Dr. Peter Slavin, MBA Class of 1990, is currently the President of Massachusetts General Hospital, one of the premier medical institutions in North America. Dr. Slavin is a board-certified physician in internal medicine who has been active in health care leadership and management from his days as a medical student (Harvard Medical School Class of 1984).
As a physician, what prompted you to pursue an MBA?
I’ve always been interested in a career in health care management. During residency, I was involved with issues of health care access and quality. I had previously done some work with the government and recognized that taking a leadership role is necessary to influence policy making. I thought about applying to a school of public health, but I recognized that, like my medical residency, I wanted to have the most fundamental and vigorous training in management skills. Being in Boston, Harvard MBA was a natural fit. In fact, I had cared for former HBS Dean Lawrence Fouraker, and he was the one who convinced me to pursue the MBA.
Were there other physicians in your class?
There were 3, but two others were escaping from medicine, and I was the only one who planned to use what I learned at HBS in health care.
What was your expectation of the HBS experience before joining the program? How would you reflect on your experience now?
I actually didn’t know what to expect other than knowing I’d get really intense training in business management. It was an exhilarating learning experience! Professionally, the Harvard MBA credential certainly helped open doors for me early in my career that otherwise would not have been available. Similar to my medical training, it helped me understand what makes an organization healthy or sick, and how to come up with a treatment plan to make it better! It was the same takeaway as doing my residency, where I was getting a holistic experience in diagnosing and methodically deriving a safe and effective solution to a medical problem.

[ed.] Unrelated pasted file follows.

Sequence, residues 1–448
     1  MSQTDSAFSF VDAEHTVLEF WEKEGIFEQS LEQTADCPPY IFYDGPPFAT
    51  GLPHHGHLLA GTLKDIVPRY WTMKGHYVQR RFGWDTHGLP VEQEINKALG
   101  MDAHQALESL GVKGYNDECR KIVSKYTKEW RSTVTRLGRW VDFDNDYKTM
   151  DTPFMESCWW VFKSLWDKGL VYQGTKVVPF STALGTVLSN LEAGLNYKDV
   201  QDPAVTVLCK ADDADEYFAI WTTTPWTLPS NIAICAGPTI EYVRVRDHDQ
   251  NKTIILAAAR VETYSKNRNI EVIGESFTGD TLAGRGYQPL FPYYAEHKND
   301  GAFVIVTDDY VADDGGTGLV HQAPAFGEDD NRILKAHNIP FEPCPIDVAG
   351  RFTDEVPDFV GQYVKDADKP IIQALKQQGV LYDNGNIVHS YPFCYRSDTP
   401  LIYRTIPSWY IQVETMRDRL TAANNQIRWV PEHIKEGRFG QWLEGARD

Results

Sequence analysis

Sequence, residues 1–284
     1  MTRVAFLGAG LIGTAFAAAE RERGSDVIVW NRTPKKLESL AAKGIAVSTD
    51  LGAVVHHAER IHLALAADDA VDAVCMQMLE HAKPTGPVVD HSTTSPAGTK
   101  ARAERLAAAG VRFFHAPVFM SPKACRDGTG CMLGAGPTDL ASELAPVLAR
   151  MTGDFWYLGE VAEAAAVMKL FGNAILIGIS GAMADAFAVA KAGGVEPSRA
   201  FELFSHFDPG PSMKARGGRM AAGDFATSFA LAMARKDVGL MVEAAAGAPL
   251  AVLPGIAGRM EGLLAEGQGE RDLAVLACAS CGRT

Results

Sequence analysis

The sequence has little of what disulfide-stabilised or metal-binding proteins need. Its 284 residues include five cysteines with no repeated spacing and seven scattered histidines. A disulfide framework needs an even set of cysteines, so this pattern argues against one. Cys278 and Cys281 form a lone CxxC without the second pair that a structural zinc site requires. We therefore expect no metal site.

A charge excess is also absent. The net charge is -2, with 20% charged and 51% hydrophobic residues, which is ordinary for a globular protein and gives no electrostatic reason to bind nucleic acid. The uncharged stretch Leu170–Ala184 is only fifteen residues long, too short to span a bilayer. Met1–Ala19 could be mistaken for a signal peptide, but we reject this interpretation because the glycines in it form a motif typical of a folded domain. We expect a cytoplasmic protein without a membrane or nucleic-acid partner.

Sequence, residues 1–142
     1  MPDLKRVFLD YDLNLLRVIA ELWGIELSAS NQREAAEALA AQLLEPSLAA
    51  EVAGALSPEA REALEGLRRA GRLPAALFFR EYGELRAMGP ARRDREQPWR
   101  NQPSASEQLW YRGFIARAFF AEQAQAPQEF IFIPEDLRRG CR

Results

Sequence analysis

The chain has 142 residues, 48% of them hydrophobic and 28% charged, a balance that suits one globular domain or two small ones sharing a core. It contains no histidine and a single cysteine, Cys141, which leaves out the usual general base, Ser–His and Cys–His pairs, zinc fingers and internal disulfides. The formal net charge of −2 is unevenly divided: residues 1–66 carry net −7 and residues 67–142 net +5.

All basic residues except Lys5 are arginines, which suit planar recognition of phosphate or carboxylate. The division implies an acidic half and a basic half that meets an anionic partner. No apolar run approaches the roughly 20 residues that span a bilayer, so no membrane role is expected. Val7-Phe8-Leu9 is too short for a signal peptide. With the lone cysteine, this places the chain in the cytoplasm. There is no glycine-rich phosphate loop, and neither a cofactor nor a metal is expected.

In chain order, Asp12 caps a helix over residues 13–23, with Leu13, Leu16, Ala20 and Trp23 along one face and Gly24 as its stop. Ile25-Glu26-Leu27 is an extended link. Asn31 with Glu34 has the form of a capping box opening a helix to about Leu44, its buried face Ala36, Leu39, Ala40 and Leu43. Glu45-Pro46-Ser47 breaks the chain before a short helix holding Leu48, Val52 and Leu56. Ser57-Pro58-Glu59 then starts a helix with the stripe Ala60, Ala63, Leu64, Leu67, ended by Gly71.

Please share one or two memorable stories during your time at HBS.
Two stories come to my mind:
I was working 2 afternoons per week and moonlighting at the emergency department to help pay for school and support my family. During the first year marketing final, I was paged about a patient having chest pain, and ended up spending a big chunk of exam time on the phone with the patient! My classmates were shocked to see that! I passed the exam and the patient was ok, but it was definitely a memorable moment in my HBS career.
I had to moonlight the night before the first day of an IT class taught by Jim Cash, a legend in his field. Having worked all night I was totally unprepared and didn’t read the case. He cold called me that morning! Naturally, I had to take a pass. And years later, I found out that he was on the board of trustees at Mass General and also on the search committee when I applied for the position of the President. He didn’t hold that pass on his cold call against me. I guess it was possible to pass a cold call at HBS and do ok afterwards, but what a small world!
How has the Harvard MBA helped you in your job now?
As a physician and now President of Mass General, I’ve used the HBS way to dissect management problems, and feel comfortable bridging the gap between clinicians and managers at the hospital. At Mass General, the finances are only means to an end; the end is the pursuit our mission of patient care, research, education, and community health.
What role do you envision HBS has in health care in the next 100 years?
I see HBS continuing to offer its students a set of management tools to help improve the performance of health care organizations. HBS alumni will offer innovative business solutions to improve the health care system. Of course, management alone is not the only solution; fundamental societal choices will need to be made regarding health care access, quality and cost.
Finally, what’s your birthday wish for the Harvard Business School?
Congratulations on 100 outstanding years, and best wishes for 100s more! Thank you for the impact HBS has already made on health care in the U.S. and the world, and I look forward to much more in this regard.